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Emailing receipts

Before starting, I usually avoid taking political stances outside of Italy, since that is the only country I can vote in. But I think it’s clear to most people over here that, despite posting vastly about first-world problems, I do not thrive of the current political climate overall. So while you hear me complaining about things that are petty, don’t assume I don’t have just as much worries that are actually relevant to society as a whole. I just don’t have solutions, and tend to stick to talking to what I know.

I’m visiting the US, maybe for the last time for a while, given the current news. It reminds me of Japan and China, in the sense that it’s a country that mixes extremely high-tech and vintage solutions in the same space. The country had to be brought kicking and screaming into the 20th century some years ago to start issuing chip cards but on the other hand, thanks to Square, and LevelUp and all kind of other similar mobile payment platforms, email receipts are becoming more and more common.

I find this is interesting. I wrote some time ago my preference for electronic bills but I did not go into details of simpler receipts. I have touched on the topic when talking about expenses but I did not go into precise details either. And I thought that maybe it’s time to write something, if nothing else because this way I can share what my opinion on them is.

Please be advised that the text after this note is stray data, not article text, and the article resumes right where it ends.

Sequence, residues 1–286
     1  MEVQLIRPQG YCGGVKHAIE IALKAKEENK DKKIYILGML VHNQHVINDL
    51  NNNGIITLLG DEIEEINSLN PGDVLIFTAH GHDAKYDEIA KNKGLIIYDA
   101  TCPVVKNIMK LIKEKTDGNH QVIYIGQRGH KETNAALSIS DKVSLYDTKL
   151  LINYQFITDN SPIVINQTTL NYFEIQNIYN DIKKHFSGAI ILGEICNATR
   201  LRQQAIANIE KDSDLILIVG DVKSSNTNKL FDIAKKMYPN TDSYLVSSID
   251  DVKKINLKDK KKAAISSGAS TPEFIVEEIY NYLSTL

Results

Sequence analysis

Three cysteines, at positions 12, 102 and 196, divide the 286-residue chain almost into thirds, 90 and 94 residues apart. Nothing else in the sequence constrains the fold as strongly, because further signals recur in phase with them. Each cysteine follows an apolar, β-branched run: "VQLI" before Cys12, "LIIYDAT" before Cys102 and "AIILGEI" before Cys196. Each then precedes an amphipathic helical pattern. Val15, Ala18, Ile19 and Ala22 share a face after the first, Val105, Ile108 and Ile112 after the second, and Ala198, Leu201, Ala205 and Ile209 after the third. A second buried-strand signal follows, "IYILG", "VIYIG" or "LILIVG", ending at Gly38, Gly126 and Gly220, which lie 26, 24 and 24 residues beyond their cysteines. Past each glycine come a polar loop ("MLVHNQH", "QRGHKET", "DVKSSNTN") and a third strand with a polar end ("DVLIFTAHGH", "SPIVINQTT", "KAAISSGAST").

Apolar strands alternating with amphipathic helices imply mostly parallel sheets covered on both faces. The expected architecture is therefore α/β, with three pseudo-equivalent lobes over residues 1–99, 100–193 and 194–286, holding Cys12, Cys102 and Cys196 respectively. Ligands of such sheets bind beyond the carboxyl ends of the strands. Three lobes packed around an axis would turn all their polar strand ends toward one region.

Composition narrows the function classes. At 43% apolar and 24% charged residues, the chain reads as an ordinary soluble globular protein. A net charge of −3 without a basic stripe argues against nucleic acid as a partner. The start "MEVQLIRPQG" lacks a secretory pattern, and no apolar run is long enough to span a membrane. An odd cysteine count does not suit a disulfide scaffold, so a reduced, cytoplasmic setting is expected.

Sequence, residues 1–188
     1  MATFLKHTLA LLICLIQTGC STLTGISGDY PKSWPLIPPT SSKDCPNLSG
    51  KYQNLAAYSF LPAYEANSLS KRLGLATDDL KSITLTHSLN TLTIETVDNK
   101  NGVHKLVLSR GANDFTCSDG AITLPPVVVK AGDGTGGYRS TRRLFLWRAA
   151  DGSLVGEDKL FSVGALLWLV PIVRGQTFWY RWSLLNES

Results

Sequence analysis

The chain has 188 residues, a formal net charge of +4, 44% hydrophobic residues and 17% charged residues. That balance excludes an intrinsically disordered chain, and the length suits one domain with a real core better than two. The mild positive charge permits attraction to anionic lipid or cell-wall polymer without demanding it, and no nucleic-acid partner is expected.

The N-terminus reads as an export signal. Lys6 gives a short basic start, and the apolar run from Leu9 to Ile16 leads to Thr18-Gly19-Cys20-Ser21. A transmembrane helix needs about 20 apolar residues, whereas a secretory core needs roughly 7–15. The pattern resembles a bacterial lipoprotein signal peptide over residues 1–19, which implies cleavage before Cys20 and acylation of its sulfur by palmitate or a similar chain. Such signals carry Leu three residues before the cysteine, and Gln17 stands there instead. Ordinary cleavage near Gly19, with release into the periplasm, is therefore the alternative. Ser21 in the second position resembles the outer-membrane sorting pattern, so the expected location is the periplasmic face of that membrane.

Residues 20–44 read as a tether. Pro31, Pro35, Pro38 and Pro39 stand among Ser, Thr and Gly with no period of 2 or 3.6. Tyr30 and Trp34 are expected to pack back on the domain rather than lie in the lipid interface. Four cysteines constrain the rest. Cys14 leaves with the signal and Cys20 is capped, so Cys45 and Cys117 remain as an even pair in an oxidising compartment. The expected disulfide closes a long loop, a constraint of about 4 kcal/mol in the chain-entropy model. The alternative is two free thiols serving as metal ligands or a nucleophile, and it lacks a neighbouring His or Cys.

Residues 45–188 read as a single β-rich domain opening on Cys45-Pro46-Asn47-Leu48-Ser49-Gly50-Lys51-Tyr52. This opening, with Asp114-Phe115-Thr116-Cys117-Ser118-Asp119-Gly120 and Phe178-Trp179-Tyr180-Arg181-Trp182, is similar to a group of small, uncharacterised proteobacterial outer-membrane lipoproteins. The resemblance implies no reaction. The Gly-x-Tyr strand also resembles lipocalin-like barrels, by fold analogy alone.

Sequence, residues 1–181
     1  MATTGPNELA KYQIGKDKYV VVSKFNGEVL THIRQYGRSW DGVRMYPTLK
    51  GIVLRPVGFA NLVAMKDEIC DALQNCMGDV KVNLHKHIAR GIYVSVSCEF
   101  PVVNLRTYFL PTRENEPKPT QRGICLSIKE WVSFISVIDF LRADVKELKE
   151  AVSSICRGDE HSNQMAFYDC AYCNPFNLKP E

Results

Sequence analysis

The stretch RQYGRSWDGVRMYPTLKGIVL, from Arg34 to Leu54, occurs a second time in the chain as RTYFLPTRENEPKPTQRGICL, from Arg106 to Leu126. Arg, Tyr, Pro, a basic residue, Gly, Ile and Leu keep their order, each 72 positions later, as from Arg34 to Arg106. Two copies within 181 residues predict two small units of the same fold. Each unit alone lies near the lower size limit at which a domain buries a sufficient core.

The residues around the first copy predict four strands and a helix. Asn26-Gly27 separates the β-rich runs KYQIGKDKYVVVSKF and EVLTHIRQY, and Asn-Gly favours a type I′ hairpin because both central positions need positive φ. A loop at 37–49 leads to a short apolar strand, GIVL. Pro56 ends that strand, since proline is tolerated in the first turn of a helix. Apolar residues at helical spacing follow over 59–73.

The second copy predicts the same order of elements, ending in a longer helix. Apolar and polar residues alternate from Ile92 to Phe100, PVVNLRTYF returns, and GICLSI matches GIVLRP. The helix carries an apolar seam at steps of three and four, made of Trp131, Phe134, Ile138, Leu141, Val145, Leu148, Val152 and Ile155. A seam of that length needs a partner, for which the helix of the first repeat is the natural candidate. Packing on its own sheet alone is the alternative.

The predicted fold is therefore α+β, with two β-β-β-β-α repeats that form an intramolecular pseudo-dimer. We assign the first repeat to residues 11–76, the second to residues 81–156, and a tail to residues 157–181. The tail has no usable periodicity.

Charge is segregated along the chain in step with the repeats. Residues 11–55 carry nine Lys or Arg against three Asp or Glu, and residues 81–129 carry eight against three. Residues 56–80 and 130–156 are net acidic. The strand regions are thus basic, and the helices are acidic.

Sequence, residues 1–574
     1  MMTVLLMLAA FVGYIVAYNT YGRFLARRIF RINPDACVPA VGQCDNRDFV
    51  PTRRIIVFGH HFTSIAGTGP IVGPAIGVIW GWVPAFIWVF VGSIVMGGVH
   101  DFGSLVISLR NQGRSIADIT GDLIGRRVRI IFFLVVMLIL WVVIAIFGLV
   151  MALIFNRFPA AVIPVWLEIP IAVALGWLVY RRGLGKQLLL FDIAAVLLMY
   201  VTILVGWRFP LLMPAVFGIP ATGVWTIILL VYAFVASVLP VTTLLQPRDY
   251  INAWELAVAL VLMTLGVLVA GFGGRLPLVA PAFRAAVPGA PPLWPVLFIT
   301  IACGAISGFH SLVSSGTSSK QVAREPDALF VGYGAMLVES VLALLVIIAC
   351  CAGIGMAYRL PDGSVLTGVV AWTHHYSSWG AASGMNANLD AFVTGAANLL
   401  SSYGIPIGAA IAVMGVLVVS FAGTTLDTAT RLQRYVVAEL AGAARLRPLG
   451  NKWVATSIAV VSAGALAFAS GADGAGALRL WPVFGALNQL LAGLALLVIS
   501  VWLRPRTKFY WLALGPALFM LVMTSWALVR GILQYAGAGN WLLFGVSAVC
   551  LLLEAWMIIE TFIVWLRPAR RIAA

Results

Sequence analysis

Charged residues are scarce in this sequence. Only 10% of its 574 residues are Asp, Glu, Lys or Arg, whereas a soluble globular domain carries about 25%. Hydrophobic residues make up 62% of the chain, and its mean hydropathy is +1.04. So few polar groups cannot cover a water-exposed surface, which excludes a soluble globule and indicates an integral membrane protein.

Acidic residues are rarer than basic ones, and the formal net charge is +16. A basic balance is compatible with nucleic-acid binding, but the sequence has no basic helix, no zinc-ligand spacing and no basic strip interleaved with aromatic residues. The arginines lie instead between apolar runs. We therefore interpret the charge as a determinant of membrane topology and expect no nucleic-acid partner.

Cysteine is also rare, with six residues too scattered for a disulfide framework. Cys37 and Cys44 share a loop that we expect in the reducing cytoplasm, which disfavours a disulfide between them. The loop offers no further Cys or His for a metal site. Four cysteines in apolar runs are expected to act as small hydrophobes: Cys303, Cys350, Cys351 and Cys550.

For those who may have not been to the States, or at least not in California or Manhattan, here is the deal I’m talking about: when you pay with a given credit card with Square for the first time (but the same applies to other platforms), it asks you if you want to receive a receipt confirmation via email. I usually say yes, because I prefer that to paper (more on that later). Afterwards, any payment made with the same card also gets emailed. You can unsubscribe if you want, but the very important part is that you can’t refuse the receipt at payment time. Which is fun, because after going to a bibimbap restaurant near the office last week, while on business travel, and taking a picture of the printed out receipt for the expense report, I got an email with the full receipt, including tip, straight into my work inbox (I paid with the company card, and I explicitly make the two go to different email addresses). The restaurant didn’t even have to ask.

As it happens, Square and mobile payments are not the only ones doing that. Macy’s, a fairly big department store in North America, also allows you to register a card, although as far as I remember, it allows you to still opt to only get the paper receipt. This different in options is interesting, and it kind of make sense, in the context of what spending pattern you may have: if you’re going to Macy’s to buy a gift for your significant other, it makes sense that you may not want to send them a copy of the receipt of the gift. On the other hand, I would not share my email password with a SO — maybe that’s why I’m single. Apple Stores also connect a card with an email address, but I remember the email receipt is also opt-in, which is not terribly good.